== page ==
MS: No, I’m still here. You got me?

HH: Yeah, I’m sorry, you’re back.

MS: As you start studying this, what you realize very quickly is the actual story is better than the mythical story. It gets better the more you study it. And it’s just a fabulous, fabulous story, staring with that Revolution, keyed off by this Declaration. And it’s a powerful thing. And to end on the Declaration here, the one thing we didn’t mention at the very end is what they’re seeking by being one people is they wanted, as it said at the beginning, a separate and equal station in the world. And they want to do what rights, what states can do by right to do in terms of alliances, and conducting war, if necessary, what independent states may do. They want to establish what Washington talks about in the farewell address, the command of our own fortunes. There’s a certain beauty in commanding our own fortunes, of self-governing, of being the own controllers of our fate. And so not only do we look back historically and find this great story, but it turns out the ends of what we are as a people, what we stand for, are in our beginnings. And people, I think, intuitively realize that once you start getting into the motion and the dynamic of the American idea and its argument. The consequence is back there.

HH: Matt Spalding, walk us through, the war had already begun, the fighting was already underway when the Declaration issues. The breach is made final. But what happens next on the governing side? The Congress is the Continental Congress. What happens to it next?

MS: Well, the Continental Congress starts trying to organize the war, which it turns out they’re not very good at. Washington is much better at that. He’s already in the field. He’s already declared independence. He’s already at war. We also often times forget that Washington goes to Independence Hall and talks to the Virginia delegation in June right before his friend, Richard Henry Lee, introduces the Declaration motion. Washington’s very much involved. He’s going to take over the ultimate control of the war side. The Continental Congress is now going to start focusing on what do we do about governing ourselves. They’ve already called on the states to create their own constitutions, independent constitutions. Massachusetts had done that famously before the Declaration. And they’re going to do more and more of that. And they’re going to start thinking about how we govern ourselves, and that’s ultimately going to become the Articles of Confederation.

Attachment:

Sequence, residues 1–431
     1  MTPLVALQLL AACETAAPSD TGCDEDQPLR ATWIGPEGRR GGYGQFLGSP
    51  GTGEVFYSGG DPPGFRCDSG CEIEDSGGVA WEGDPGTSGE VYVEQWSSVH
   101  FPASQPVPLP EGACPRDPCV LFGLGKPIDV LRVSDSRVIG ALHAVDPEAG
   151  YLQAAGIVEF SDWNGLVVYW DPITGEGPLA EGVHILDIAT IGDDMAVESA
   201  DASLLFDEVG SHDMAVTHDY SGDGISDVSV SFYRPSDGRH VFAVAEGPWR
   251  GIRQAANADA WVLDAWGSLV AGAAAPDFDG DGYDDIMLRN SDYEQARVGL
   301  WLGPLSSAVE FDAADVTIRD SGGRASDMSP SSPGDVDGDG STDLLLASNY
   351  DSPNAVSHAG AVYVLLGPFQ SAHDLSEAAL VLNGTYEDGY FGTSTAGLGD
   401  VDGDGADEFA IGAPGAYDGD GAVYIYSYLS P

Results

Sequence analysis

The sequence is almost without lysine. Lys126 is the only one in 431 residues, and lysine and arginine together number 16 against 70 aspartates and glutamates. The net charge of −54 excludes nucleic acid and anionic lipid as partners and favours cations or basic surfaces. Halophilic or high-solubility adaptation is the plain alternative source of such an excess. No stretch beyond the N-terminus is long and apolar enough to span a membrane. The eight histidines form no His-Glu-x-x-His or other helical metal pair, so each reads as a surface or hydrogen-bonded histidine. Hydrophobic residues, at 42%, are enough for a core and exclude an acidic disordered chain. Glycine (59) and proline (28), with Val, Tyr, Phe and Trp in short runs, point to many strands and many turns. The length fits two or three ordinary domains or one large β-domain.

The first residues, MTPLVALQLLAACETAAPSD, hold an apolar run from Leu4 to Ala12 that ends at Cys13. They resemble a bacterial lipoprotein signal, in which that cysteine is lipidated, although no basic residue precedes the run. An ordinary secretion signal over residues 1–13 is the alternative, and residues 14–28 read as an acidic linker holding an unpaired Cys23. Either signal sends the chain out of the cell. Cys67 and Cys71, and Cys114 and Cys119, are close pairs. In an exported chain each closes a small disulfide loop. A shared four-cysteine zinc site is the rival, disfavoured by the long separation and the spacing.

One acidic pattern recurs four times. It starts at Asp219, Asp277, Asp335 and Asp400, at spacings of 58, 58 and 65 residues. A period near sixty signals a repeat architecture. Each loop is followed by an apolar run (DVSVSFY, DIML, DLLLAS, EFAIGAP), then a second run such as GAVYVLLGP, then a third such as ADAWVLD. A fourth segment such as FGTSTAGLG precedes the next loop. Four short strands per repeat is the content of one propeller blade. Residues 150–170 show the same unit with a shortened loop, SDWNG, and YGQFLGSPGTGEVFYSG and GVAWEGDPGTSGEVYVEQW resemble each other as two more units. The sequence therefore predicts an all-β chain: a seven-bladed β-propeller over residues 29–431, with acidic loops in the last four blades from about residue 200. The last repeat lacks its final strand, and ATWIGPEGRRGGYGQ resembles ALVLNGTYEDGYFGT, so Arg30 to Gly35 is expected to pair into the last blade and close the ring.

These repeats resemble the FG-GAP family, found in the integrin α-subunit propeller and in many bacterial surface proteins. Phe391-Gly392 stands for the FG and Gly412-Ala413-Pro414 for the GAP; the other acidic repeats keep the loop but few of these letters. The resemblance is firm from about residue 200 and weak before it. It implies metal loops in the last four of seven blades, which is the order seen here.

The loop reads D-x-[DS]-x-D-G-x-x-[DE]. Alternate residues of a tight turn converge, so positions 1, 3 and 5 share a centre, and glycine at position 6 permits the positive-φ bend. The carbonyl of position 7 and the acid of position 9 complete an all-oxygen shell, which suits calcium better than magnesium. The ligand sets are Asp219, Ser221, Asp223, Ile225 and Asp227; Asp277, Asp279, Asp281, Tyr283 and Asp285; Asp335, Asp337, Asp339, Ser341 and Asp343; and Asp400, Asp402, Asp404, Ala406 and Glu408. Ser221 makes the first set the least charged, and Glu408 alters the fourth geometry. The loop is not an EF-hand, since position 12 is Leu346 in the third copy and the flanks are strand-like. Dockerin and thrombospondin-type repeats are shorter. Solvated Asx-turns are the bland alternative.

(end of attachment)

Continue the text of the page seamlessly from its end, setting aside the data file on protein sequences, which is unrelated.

HH: And how long does it take to go from Declaration to Articles?

MS: Well, that gets very messy, because it takes them a while to figure out what to do. It takes them a while to write it. And then the thing does not get approved until 1781. This becomes a real problem, and by default, what happens is George Washington, the commander in the field with his army, becomes the de facto, but not de jury, head of state. When France wants to start an alliance with America, when we want to open diplomatic relations, do you know who they contact? They don’t contact the Continental Congress. They contact George Washington in the field.

HH: Huh.

MS: It becomes patently obvious who the head of state here is. And that movement, which is why the, why Washington’s role in eventually resigning but also passing the baton, if you will, to the Constitution, becoming the president of the Constitutional Convention, why all of that history, the military-civil relations of the American Revolution, are so interesting and so important.

HH: Matt Spalding, thank you for spending time with us this morning on a magnificent document. Again, the loss of life in defense of the country began so long ago in 1775. It continues to this very morning with an American serviceman dead in Syria. And all between, as we honor this weekend, men and women have given their utmost on behalf of the country, and there’s really no better way to salute them than by talking about that which inspired them in the first place and recommitting to those very principles. So glad you could join me. Have a wonderful Memorial Day weekend, Matt Spalding.

MS: You, too. You, too.

HH: Thank you.

End of interview.